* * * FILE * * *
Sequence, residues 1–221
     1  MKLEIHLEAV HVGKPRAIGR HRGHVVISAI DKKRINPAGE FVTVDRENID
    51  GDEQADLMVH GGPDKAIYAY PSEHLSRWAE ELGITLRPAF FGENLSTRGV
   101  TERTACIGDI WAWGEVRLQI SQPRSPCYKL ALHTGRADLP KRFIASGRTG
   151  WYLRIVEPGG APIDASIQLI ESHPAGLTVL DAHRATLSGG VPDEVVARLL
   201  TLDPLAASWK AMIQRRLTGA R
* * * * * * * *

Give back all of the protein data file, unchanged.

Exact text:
Sequence, residues 1–221
     1  MKLEIHLEAV HVGKPRAIGR HRGHVVISAI DKKRINPAGE FVTVDRENID
    51  GDEQADLMVH GGPDKAIYAY PSEHLSRWAE ELGITLRPAF FGENLSTRGV
   101  TERTACIGDI WAWGEVRLQI SQPRSPCYKL ALHTGRADLP KRFIASGRTG
   151  WYLRIVEPGG APIDASIQLI ESHPAGLTVL DAHRATLSGG VPDEVVARLL
   201  TLDPLAASWK AMIQRRLTGA R